I’m usually skeptical about ingredients and innovations, but I’m definitely a believer in the benefits Retinol can bring to everyone’s skincare regime. I’ve seen the positive impact for myself and will definitely be ensuring my skin gets a daily dose of Retinols for the foreseeable future. Will you? 

Features PR samples unless otherwise stated. To read my full disclaimer, click here.  




  1. Pam Scalfi
    February 22, 2016 / 1:55 pm

    tempted to try and get one for mum to see how it works!Pam xo/ Pam Scalfiā™„

  2. Trona S
    February 22, 2016 / 2:16 pm

    perfect timing for me. I'm looking to add a retinol to my skincare so thanks so much for the info and recommendations. About to have a look at them all now.

  3. Jaime
    February 22, 2016 / 6:36 pm

    Thank you for such an informative yet easy to follow post!! I picked up indeed labs retinol resurface not long ago, but really didn't know how to use it/ how much to apply/where in the routine to apply so it's just been sitting there!

    • Hayley Carr
      March 2, 2016 / 9:48 pm

      Glad I could help! Let me know how you get on with it…

  4. Clo Quinn
    February 23, 2016 / 11:22 am

    I also like the la roche posay redermic r cream which is at a similar price point to avene and I think its 0.3% strength so a good starting off point too.

    • Hayley Carr
      March 2, 2016 / 9:49 pm

      I've got one of those in my dressing table but have yet to test it!

    • Hayley Carr
      March 2, 2016 / 9:49 pm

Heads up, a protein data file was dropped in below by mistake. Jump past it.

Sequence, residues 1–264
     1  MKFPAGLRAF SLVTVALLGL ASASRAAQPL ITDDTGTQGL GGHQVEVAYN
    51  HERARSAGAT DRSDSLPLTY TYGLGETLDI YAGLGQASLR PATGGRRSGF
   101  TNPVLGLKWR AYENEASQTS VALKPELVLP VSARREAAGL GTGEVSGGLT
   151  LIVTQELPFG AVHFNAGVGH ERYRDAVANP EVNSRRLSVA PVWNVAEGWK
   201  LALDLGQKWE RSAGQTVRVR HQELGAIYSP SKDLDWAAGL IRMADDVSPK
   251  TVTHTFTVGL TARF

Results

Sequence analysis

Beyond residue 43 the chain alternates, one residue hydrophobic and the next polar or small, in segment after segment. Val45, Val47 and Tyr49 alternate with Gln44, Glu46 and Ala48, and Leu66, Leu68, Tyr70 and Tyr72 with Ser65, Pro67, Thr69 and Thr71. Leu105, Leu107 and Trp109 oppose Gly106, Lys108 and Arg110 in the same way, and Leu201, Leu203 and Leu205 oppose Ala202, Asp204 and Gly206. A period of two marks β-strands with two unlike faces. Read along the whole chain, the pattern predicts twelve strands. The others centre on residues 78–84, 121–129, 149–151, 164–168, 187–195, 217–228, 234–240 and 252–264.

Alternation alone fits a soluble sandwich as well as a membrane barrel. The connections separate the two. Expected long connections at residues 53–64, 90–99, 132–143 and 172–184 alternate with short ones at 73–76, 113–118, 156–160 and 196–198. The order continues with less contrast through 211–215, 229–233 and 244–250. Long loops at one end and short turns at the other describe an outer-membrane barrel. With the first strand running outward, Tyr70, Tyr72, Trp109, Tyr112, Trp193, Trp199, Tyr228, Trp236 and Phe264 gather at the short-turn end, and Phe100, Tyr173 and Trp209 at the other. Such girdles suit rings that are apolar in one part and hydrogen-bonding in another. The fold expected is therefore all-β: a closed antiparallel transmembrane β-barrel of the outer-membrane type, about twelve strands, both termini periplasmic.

Glad to hear it's made an impact for you!

  5. Leanne Marshall
    March 1, 2016 / 10:01 am

    I have been using Sunday Riley Luna Oil but i am keen to try other Retinol products! I have been loving the Luna Oil. http://www.lemblog.co.uk

    • Hayley Carr
      March 2, 2016 / 9:48 pm

      That's definitely an expensive way to try Retinol, that's for sure! But I do love the SR products.

  6. Wonky Jen
    March 10, 2016 / 3:08 pm

    Can I make a suggestion? As a person who suffers from blemish prone skin wanting to use retinol product to ward of signs of ageing…I found out the hard way that retinitis and salicylic treatments should not be mixed.I've had to resort to retinol on the eyes and salicylic blemish treatments on the face and be very careful with washing my hands and applying the two so they never mix.A post defining the NOT TO BE MIXED ingredients and how they might appear within an ingredients list would be super informative and perhaps a great angle for an interview with a skincare expert….?